The Best Korean Food You’ll Ever Enjoy While Wearing Standard-Issue Pajamas

kinglogo_redBack in January, I decided that 2016 was the year I said “yes” to opportunity and didn’t even bother to qualify it by adding “within reason.” That’s how I found myself at King Spa & Sauna in Niles, enjoying the best Korean food I’ve ever eaten while wearing standard-issue pajamas. For years, I’ve been told that King Spa was, in turns, “awesome,” “sooo relaxing,” and “something I’d really enjoy if I just got over my crippling fear of public nudity.” Buoyed by the encouragement of a forever friend and riding the inner calm of a klonopin, I decided it was time to experience a jimjilbang, a large public bathhouse containing hot and cold tubs, traditional saunas, and relaxation areas. I was told there would be food as well, and that’s what sealed the deal for me. I’d seen what happened to Conan O’Brien when he visited a Korean spa, so on the drive over, my companions gave me a quick overview of what to expect. They confirmed I would have to be naked for at least some of it, but anywhere I’d be naked (if I adhered to the house rules) would be female-only; males have their own side for the hot tubs and so forth. Relaxation rooms and the kiln saunas are co-ed, so I would be issued a set of pajamas for wandering around those areas. bathside_muse Female hot tub/spa area at King Spa & Sauna. King Spa is situated between a Home Depot and Super H Mart, a seriously awesome Korean supermarket and mall requiring a separate visit. Once we entered the lobby and paid, we were issued a bracelet which held our locker key and functioned as a credit card. We then headed off to our respective locker rooms. After stripping down, I briefly considered bailing until my friend handed me an orange tea towel and stated we were going in to the hot tub/spa area. I’ll admit that after a few minutes, sitting and soaking with naked strangers, a forever friend, and some young adults I’ve known since they were zygotes wasn’t so weird and I was actually starting to relax. After making several circuits of increasingly warmer hot tubs, shocking myself in the cold tub, and defrosting in the wet sauna, it was time to change into my pajamas and head to the common area for lunch. I really didn’t know what to expect and was surprised by the variety of food available. There were traditional Korean dishes like bulgogi, bimbimbab, and pajeon — a pancake featuring green onions as the main ingredient — as well as Japanese udon, pork tonkatsu, sushi and other familiar options like pizza and burgers. Exhausted and exhilarated from battling my demons, I needed protein and opted for bulgogi. I was glad I did; the meat was tender, flavorful, and accompanied by a small salad, jasmine rice, potato salad, kim chee, and other vegetables. Others in our party enjoyed bimbimbab, chicken bento boxes, and spicy soba noodles. Prices were a little higher than what you might see at a Korean restaurant, but where else do you get to enjoy this kind of food while shoeless and in pajamas? Bimbimbop. Photo credit: Bimbimbop. Photo credit: Satisfied with our meal, we spent a couple more hours enjoying the other amenities, including the traditional kiln saunas (we steered clear of the super-hot one, which came with a warning and a hairnet), the relaxation room  — with its fully reclined leather chairs, as well as the ionization rooms and movie theater. Would I go back? Definitely — I’ve yet to experience a full-body scrub. Although I think I may need more than just bulgogi to recover. Admission for adults is $35 per person ($30 for ages 2 - 12). Food and other spa amenities are extra, as is an overnight stay, should you choose to partake. King Spa & Sauna is located at 809 Civic Center Drive in Niles. It is open 24 hours a day, although the wet sauna areas are unavailable from 2:00 a.m. to 6:00 a.m. for cleaning.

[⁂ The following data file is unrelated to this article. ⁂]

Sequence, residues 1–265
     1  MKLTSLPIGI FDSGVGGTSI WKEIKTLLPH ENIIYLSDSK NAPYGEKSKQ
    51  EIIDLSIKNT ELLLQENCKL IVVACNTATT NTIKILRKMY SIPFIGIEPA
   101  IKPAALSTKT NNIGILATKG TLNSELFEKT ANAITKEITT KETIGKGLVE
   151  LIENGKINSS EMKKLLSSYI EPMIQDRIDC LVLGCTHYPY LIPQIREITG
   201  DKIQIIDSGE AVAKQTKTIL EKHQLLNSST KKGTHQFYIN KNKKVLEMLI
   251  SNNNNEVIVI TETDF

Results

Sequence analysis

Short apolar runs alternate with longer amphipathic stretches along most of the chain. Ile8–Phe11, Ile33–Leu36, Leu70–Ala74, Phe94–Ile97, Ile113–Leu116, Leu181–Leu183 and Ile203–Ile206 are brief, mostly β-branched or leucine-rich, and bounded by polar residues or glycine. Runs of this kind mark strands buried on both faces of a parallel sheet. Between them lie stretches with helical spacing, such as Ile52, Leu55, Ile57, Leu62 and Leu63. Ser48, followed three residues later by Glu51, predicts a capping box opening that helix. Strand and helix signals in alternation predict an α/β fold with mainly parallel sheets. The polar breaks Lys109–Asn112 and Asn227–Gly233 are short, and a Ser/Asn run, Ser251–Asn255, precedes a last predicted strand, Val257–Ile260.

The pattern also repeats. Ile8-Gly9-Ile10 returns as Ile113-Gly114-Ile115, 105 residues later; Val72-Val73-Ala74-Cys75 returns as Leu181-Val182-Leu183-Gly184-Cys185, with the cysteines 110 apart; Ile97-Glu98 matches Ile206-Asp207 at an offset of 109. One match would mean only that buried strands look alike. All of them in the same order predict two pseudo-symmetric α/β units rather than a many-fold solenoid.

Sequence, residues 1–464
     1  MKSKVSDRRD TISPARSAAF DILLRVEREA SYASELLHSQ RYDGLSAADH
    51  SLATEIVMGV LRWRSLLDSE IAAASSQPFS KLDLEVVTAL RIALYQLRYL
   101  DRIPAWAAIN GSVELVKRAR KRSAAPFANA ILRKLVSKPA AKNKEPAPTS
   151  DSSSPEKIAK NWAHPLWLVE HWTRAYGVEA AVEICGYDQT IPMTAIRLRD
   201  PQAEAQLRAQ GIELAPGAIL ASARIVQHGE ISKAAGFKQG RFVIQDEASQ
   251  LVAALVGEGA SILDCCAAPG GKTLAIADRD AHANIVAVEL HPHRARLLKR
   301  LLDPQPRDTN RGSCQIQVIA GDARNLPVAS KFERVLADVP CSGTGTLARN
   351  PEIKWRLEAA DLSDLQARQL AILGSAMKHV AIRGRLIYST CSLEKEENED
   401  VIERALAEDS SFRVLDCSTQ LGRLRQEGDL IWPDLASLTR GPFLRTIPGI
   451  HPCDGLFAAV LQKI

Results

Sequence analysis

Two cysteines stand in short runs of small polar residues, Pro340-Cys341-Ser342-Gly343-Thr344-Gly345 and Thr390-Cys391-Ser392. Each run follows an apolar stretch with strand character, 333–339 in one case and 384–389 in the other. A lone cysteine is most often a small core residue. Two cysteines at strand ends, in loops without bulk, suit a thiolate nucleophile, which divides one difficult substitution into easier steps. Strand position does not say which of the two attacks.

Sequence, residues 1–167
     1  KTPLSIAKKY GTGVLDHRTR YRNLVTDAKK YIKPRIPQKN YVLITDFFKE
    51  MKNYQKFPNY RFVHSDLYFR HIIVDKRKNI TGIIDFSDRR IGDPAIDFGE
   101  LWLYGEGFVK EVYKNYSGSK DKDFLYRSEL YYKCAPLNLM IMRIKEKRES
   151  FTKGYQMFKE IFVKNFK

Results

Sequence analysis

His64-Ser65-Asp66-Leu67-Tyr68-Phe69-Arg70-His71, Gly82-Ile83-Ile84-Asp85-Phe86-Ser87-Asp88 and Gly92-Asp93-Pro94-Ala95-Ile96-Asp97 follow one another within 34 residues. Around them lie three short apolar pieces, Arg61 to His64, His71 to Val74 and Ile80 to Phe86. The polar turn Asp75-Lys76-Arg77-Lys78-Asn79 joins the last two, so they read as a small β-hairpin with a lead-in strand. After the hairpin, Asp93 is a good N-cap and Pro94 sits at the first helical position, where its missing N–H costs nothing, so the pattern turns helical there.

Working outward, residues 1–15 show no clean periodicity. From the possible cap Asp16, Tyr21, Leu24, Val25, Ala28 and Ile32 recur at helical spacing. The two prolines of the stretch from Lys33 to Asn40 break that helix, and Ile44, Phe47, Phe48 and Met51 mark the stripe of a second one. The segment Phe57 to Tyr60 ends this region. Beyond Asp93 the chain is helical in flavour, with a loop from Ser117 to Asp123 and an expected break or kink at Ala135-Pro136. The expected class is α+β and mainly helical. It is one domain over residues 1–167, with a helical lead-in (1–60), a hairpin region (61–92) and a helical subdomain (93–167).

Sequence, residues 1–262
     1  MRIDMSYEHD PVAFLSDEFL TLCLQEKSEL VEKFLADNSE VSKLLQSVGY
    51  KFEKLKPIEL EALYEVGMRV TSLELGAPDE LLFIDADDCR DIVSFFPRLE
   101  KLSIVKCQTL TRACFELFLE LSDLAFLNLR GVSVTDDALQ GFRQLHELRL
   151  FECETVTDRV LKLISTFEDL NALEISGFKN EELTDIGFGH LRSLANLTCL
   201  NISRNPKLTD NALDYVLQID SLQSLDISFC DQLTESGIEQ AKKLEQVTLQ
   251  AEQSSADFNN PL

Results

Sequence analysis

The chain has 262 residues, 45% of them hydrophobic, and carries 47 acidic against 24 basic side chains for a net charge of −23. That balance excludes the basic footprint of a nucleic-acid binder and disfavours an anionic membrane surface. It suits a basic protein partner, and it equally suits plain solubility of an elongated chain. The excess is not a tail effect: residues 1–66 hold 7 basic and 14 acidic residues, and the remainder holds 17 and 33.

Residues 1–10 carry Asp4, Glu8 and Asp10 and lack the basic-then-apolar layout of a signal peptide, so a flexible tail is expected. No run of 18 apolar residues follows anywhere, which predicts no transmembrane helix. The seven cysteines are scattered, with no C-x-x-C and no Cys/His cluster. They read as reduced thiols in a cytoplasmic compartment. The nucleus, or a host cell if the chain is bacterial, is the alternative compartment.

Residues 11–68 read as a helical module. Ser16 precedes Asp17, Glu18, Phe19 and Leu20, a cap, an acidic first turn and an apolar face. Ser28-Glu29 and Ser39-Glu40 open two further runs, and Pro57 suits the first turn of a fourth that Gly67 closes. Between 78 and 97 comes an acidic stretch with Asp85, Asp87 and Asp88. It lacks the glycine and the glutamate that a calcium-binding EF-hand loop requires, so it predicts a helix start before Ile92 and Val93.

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Tracie Bedell

Tracie Bedell started wiping dishes with her family's catering company at the tender age of 8 and has been involved with the food industry in one way or another since. After earning her degree in French and spending way too much time on technical writing and advertising, she's stoked to be back doing what she really enjoys: eating and writing about food. Ask her for her life-transforming enchilada recipe; you'll be glad you did.